Tag: US Supreme Court

May 6, 2014 / / Courts
Religion in government is okay if it is generic

In a 5-4 decision on Monday, the US Supreme Court said that the Town of Greece New York could open their town council meetings with a religious prayer. The majority on the court held that legislative prayers were not unconstitutional because they were traditional acts performed at government meetings. We’ve seen this argument before, it has been called Ceremonial Deism and it means a civic religion divorced of any specific religious meaning. I would think that Christians would be very upset that the court considers their religion ‘generic’. Just because Ceremonial Deism has been a tradition doesn’t mean it isn’t harmful.

One argument the court used to rule in favor of the Town of Greece was the old argument from tradition:

March 24, 2014 / / Courts
image of a Hobby Lobby storefront

The Hobby Lobby religious exemption to covering contraception case will be heard in the US Supreme Court starting on Tuesday. If corporations are given a right to religious freedom there is no telling how bad this will be for people. One bad result, that hasn’t been reported on by the media, is that both plaintiffs want to prevent Doctors from even talking about contraceptives to their employees. These corporations want to get between you and your doctor.

November 29, 2013 / / Courts
image of classic birth control pill pack

The big news this past week was the US Supreme Court said it would hear two cases that challenge the contraceptive requirement in the Affordable Care Act. Two companies, operated by devout religious people, claim that having to provide health insurance to their employees that would pay for contraceptives violates their religious freedom under the Religious Freedom Restoration Act (RFRA). The companies claim religious freedom by denying the religious freedom of their employees.

I was going to write a long essay pointing how wrong Hobby Lobby and the Mennonite owners of a wood cabinet company are but Jill Filipovic writing for The Guardian hits the nail on the head. Here is a sample but read the whole article as it gives a great summary of the issue:

August 11, 2013 / / Courts
photo of people praying before a meeting
Praying before a meeting

Town of Greece v. Galloway is a US Supreme Court case to heard in the fall that might set the boundaries for prayers before town council meetings so they aren’t a violation of the separation of church and state. One interesting thing to come out of the pre-hearing filings is that the Obama administration is supporting the prayers. I really never knew why it was so important for an elected body to pray before working since prayers don’t make elected officials do a better job nor do the prayers improve living in a certain town or county. As one church state group put it, a town council meeting ‘isn’t a church service and it shouldn’t seem like one.’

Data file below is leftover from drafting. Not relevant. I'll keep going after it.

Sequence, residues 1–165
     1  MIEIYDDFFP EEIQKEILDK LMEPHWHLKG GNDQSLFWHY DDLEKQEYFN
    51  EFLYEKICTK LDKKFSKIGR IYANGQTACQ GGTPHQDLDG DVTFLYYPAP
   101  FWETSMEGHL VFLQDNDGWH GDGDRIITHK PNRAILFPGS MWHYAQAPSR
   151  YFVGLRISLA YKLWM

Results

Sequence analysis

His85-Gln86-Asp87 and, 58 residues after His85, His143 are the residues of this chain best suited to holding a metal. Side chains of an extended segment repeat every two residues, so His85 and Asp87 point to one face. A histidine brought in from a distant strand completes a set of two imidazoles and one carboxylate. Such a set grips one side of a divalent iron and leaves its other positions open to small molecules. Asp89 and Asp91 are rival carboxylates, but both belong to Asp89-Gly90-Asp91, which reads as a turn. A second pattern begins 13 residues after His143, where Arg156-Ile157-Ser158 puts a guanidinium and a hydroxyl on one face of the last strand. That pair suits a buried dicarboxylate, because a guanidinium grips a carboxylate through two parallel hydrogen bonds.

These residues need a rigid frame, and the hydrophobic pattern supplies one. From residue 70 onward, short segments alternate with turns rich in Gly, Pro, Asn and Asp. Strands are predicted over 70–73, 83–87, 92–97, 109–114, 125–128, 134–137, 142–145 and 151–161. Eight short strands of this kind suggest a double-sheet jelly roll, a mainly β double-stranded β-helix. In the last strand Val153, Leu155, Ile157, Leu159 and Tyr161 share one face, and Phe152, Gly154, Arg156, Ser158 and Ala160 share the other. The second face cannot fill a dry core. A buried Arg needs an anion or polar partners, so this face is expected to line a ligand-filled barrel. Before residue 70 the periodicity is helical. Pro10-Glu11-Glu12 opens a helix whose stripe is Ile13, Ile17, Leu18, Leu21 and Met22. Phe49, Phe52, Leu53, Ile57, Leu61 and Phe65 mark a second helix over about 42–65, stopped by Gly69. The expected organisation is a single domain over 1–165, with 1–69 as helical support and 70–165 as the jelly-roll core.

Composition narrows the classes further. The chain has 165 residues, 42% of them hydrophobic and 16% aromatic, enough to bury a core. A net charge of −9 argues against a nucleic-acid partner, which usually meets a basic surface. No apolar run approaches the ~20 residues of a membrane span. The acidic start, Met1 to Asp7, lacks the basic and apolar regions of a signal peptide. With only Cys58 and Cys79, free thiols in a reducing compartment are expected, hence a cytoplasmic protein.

We found out this week that President Obama’s administration weighed in on the case in an amicus brief and took the side of the town council.

June 17, 2013 / / Courts
photo of Ellery Schempp in 2012
Ellery Schempp – His protest of required Bible reading in his High School lead to the case Abington School District v. Schempp being decided in 1963

On June 17th 1963, the US Supreme Court handed down its landmark decision that supported the separation of church and state in public schools – Abington School District v. Schempp. Even 50 years after the decision, we seem to have to fight the same battle over and over again. That is what happens in the struggle for civil rights. You have to be vigilant or they can be taken away. We need to celebrate dissenters like Schempp and we all need to try and emulate his activism.

March 22, 2013 / / Courts
image of a map version of state of Kentucky

Last week, two church & state cases from Kentucky were resolved. One concerning a state law that said “security was unattainable without reliance on ‘Almighty God'” lost in the US Supreme Court. Another case involving religious coercion at state-funded baptist children’s home was settled out of court as a victory for support of separation of church and state. We can’t always win these court cases but we need to fight as much as possible to protect the wall between church & state.